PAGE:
Stubborn Grandparents and IoT Solutions

I, like many people, have stubborn grandparents. Both of my grandparents are in their upper eighties, have had falls and health scares, and refuse to move out of their three-story home into a community where they would have more support and less house to maintain. I'm fairly certain this case is not unique to my own, but as the granddaughter responsible to maintaining their ipads and home internet connections, I felt their had to be some simple and elegant IoT home solution to streamline their daily living and to bring a sense of peace and security to the rest of the family.

With this idea in mind, I decided there were four pillars on which I would build my IoT plan:

  1. Installing Amazon Echos and dots throughout the house so that voice control will work anywhere. If it doesn't work always and reliably, my grandparents will not use it. I have learned this with their ipads which used to only work on wifi but now also use 3G.

  2. Connecting smoke detectors to the lighting in the house and to cell-phone alerts of nearby family. My grandfather has hearing aids and is profoundly deaf - he would sleep right through the smoke alarm. My grandmother is not particularly swift these days and it would not be safe for him to rely on her to get them out of the house in such an emergency. This would allow for an additional sensory output of the smoke alarms, safe exit with a lighted path out of the house, and early alerts to nearby family who could come to help.

  3. Connecting the lighting in the house to voice control. As with many homes built in the 1950's, build-in ceiling fixtures were not the norm, and so most of the lights in my grandparents house must be turned on at the fixture, meaning they must often navigate across a dark room to turn on a light. As my grandmother has already taken a tumble and fractured her hip once, minimizing the number of dark spaces they have to navigate is probably for the better.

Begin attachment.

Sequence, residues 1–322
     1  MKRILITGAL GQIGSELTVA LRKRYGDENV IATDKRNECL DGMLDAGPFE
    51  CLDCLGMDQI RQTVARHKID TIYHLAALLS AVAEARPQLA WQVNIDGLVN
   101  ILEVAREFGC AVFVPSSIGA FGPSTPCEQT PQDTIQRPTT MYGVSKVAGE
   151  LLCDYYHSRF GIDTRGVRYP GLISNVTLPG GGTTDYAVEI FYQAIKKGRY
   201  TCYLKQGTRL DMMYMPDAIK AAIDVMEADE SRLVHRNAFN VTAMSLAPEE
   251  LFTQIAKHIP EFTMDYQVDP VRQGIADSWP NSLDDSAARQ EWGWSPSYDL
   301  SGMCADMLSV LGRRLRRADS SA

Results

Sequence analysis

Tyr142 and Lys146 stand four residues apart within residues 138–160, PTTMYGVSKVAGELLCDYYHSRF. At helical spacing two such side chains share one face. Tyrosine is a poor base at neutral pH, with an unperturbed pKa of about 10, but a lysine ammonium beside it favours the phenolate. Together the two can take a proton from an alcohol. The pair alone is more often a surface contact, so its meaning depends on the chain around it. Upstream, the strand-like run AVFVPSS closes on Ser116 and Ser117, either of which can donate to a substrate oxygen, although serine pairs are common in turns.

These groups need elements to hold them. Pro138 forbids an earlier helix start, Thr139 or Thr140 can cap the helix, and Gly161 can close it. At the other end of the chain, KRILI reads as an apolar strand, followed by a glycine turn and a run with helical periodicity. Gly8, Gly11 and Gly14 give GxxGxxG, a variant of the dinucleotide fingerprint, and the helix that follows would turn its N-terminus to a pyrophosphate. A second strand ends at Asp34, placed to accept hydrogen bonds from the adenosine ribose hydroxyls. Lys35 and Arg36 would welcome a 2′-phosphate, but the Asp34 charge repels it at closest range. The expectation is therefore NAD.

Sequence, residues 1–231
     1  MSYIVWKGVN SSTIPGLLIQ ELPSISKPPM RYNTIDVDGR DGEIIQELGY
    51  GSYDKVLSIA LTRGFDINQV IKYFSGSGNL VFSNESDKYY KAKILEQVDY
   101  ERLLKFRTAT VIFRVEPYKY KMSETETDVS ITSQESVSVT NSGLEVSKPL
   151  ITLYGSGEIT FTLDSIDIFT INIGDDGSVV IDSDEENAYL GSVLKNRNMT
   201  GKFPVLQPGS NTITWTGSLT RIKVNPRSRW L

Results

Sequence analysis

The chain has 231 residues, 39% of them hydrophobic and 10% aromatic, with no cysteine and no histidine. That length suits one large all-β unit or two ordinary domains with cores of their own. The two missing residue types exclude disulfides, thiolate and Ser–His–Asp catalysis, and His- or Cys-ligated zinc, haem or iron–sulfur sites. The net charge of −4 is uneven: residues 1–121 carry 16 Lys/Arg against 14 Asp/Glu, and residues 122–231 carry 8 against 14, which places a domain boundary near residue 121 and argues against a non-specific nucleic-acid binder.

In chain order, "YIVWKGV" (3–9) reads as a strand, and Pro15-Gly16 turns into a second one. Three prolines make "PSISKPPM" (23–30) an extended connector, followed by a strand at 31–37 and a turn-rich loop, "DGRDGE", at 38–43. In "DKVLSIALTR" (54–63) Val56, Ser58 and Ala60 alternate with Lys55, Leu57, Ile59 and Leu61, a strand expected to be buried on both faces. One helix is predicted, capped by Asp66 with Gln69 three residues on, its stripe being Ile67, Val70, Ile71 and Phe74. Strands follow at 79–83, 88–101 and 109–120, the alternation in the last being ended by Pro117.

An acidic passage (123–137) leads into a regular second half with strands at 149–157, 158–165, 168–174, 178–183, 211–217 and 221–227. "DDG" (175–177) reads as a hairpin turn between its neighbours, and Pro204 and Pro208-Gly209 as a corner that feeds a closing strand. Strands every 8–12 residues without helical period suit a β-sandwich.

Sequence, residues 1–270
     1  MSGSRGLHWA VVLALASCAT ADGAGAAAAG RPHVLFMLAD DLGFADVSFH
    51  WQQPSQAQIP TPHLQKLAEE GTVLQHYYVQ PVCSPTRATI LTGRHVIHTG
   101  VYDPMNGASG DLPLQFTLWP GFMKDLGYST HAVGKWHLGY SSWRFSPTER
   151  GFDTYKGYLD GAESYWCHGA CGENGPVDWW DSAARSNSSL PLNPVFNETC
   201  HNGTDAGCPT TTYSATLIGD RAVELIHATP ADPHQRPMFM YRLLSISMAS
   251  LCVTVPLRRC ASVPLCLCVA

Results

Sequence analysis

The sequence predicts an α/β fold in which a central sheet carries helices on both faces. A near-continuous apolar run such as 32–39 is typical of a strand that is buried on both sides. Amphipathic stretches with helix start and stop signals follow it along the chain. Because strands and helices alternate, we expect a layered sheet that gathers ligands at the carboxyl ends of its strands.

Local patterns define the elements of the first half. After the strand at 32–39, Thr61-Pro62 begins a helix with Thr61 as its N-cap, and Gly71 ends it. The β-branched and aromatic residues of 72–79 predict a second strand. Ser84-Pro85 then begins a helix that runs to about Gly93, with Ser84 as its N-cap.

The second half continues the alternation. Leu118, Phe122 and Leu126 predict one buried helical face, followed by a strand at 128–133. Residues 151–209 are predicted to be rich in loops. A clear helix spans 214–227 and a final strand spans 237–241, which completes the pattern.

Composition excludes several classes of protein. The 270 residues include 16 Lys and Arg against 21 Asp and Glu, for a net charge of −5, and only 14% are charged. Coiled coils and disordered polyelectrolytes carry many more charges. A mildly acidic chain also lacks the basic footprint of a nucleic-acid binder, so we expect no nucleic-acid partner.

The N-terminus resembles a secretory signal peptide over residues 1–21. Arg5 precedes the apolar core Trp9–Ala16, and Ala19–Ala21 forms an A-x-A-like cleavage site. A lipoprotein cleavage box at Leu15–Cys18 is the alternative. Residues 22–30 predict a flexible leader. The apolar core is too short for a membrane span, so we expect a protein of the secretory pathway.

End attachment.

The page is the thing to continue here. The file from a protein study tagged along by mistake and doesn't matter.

4. Using IFTTT to integrate safety phrases through the Amazon Echo's. LifeAlert was great in 1994, but I know there is no way my fashion-forward grandmother is going to be caught dead wearing that hideous piece of plastic on her neck everyday. If there is an accident, a fall, or some other type of emergency, I want my grandparents to be able to say "call Katrina for help" or some other trigger phrase that will immediately alert nearby family to an emergency in their house.

This post will detail the implementation of this project in the hopes that others who wish to do something similar for the loved ones they care for can learn from this experience.

Current project status

I have only begun to implement this project. Below I have detailed my progress on each of the four objectives. I will update the progress as I move forward. The most important thing I have learned when introducing technology with my grandparents is one piece at a time. They use and adapt to tech differently than myself, and I always seem to underestimate the number and type of user issues they will come across. Therefore, in order for this to be a positive experience, I need things to work reliably and seamlessly.

Objective One: Implementing voice control throughout the house